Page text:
It has often been remarked in Irish Nationalist circles that according to the current cant of the Parliamentary Party the interests of Ireland can always be best served out of Ireland. Sometimes it is on "the flure of the House" of Commons that Ireland must be fought for, sometimes it is on the platform in the United States, sometimes it is in election contests in England, and now it is on the battlefields of the Continent. It is always outside of Ireland that blows must be struck for Ireland, if we are to believe the official "leaders of the Irish Race."
It must surely be upon some such principle of action that England is fighting for the neutrality of Belgium. According to all the British jingo Press, and still more according to the organs of the Irish Home Rule Imperialists, or Imperialist Home Rulers, Great Britain has entered into this war solely because of her burning zeal for the neutrality of Belgium. Only because of the danger to Belgian neutrality was the mighty heart of England moved to action, and only because she saw this precious thing in danger did England at last reluctantly draw the sword and enter the lists against the Germans. And here in Ireland we are tearfully appealed to, to consider the awesome spectacle of the conversion of England to ways of justice and chivalry, and so considering to rush to her aid and side by side with her army battle for the neutrality of Belgium.
But when we look around us all that we see tends to arouse the suspicion that England has simply made a catspaw of Belgium, has deliberately tempted Belgium from her neutrality, and having committed that brave little kingdom to the fight has cold-bloodedly left her towns, cities and territories to be defended by her own unaided efforts. Whilst howling long and loudly against the violation of the neutrality of Belgium England never sent as much as a corporal's guard to help to prevent it. Whilst the Belgian soldiers were pouring out their life-blood in torrents in an effort to stem the forces of the invader, whilst the harvest in Belgian fields was trodden under foot, Belgian industries destroyed and the population of Belgium driven from home and country, the armies of England were kept carefully out of Belgium, and that country left to stew in its own juice.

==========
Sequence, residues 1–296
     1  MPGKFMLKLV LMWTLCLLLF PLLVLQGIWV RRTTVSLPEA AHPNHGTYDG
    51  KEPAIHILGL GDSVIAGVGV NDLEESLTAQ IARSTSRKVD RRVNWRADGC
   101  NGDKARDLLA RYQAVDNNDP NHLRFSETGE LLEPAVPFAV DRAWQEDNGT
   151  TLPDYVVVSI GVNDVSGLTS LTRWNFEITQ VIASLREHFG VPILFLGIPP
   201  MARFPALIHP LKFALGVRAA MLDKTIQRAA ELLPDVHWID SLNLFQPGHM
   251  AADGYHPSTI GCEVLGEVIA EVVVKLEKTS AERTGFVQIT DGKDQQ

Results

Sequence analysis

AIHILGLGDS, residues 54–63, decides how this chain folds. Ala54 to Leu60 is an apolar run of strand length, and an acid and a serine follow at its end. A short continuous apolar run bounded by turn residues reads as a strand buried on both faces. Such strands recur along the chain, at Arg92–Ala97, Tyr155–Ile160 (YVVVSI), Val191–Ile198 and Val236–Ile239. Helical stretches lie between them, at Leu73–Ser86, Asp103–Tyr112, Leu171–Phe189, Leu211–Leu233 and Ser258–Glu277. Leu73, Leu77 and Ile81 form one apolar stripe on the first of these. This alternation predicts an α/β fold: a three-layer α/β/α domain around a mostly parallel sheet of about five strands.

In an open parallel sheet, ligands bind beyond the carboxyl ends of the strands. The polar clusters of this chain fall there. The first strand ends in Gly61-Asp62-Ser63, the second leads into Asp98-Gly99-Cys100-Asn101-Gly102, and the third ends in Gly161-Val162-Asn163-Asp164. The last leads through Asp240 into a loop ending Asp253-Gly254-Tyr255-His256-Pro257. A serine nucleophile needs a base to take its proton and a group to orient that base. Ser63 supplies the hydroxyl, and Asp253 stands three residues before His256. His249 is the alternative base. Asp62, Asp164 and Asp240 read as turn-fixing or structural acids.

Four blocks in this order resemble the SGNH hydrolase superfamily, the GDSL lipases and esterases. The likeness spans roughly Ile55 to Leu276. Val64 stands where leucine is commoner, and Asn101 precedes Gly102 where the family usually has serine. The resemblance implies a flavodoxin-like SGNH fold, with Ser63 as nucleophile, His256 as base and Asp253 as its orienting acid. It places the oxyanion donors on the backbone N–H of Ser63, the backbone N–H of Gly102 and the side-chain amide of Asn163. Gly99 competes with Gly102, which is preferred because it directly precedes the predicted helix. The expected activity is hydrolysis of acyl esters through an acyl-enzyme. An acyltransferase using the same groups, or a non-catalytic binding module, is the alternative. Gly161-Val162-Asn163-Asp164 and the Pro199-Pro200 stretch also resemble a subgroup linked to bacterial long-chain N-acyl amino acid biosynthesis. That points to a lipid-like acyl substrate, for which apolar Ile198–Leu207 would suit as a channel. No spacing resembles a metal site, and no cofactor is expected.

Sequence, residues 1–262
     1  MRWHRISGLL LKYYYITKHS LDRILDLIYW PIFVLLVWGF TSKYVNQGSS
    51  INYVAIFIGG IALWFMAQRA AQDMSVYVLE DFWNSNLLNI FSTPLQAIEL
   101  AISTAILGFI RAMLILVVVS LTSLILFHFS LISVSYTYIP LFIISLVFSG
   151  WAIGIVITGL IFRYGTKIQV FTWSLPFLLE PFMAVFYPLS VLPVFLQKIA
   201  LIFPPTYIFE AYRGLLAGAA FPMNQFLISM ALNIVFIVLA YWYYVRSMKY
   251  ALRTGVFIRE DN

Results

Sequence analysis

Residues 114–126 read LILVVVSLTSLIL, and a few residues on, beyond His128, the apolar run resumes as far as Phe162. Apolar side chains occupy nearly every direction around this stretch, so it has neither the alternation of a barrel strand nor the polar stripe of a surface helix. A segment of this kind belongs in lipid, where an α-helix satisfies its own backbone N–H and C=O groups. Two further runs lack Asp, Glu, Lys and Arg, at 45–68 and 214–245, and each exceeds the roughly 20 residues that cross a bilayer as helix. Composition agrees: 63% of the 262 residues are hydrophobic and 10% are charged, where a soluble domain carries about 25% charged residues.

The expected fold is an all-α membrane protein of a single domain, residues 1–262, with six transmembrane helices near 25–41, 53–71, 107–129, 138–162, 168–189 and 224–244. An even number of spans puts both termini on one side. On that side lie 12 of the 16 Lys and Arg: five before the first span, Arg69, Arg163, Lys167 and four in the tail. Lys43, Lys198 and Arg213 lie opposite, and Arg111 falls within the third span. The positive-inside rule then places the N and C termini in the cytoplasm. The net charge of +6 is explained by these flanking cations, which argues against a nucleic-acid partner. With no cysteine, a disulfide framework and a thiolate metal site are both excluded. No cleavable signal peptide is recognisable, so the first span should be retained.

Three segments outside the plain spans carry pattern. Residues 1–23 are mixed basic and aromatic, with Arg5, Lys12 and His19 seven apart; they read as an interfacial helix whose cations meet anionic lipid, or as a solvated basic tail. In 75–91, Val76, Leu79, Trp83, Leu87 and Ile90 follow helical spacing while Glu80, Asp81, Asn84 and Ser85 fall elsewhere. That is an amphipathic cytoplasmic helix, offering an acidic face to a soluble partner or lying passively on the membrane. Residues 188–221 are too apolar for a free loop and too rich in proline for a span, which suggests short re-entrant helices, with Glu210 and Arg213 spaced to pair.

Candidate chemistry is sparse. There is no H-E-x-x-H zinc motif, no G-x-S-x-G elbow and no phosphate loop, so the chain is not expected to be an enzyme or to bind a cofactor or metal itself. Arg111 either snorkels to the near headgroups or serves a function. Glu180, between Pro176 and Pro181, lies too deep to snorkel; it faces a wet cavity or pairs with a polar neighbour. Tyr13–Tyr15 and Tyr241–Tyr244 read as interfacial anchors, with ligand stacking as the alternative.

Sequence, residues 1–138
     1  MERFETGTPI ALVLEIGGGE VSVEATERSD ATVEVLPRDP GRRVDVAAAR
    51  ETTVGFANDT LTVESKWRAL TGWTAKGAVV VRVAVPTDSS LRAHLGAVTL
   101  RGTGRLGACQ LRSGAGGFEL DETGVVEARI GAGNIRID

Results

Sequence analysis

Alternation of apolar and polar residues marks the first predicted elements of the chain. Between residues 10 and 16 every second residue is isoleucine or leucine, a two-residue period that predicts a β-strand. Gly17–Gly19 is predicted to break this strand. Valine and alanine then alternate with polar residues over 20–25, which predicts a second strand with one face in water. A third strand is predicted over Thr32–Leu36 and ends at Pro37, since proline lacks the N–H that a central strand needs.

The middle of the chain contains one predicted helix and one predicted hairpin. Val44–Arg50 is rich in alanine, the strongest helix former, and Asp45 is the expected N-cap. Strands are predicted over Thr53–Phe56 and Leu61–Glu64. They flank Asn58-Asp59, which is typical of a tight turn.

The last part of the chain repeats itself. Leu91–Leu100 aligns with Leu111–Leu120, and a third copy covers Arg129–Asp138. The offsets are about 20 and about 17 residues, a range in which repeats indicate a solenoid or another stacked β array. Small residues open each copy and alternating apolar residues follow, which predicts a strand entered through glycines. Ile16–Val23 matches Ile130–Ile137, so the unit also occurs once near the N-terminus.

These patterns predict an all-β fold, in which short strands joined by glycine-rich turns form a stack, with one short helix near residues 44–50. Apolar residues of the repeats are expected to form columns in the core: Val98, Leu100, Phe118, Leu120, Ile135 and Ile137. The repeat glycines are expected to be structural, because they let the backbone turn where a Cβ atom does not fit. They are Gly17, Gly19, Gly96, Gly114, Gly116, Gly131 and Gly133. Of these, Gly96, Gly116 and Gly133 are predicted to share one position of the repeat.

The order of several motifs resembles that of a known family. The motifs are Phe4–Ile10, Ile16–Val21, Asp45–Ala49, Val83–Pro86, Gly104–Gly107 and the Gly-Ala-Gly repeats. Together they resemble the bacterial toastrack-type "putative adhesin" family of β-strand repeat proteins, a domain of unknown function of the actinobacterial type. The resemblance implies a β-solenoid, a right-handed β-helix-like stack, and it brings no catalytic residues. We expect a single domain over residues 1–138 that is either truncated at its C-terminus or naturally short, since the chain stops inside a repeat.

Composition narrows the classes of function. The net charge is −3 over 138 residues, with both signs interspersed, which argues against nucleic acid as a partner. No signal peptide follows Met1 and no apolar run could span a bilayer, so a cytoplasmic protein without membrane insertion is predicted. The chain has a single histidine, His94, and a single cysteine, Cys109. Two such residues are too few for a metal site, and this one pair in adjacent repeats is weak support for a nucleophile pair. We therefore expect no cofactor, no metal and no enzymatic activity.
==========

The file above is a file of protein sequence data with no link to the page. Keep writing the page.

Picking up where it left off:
England and France cried out to the world that they were modern paladins of chivalry risking their all to save Belgium whilst all the time they were coolly devoting their every energy to the work of saving their own skins. All during the first month of Belgium's martyrdom England poured her Expeditionary Troops into France leaving Belgium to her fate. Belgium asked for troops to help defend her neutrality. England replied, "We are sorry, we would like to send you some troops, but you see we have a pressing engagement elsewhere. But we will write some nice newspaper articles about you, and even if you do suffer just think how useful your sufferings will be to us in the preparation of speeches against Germany." That is all the satisfaction Belgium has got or is likely to get the satisfaction of serving England as a tortured animal under the hands of the vivisectionist serves science.
Antwerp in its last agony brings this fact out very clearly. Even the most thoughtless cannot be but struck by the manner in which the editorials of the English newspapers assure their readers that the sufferings of Antwerp will be another argument against Germany. They dwell so much upon this aspect of the situation that it is clearly seen that in their eyes the sufferings of the Belgian people count for little-the manner in which their sufferings can be exploited to England's advantage counts for much.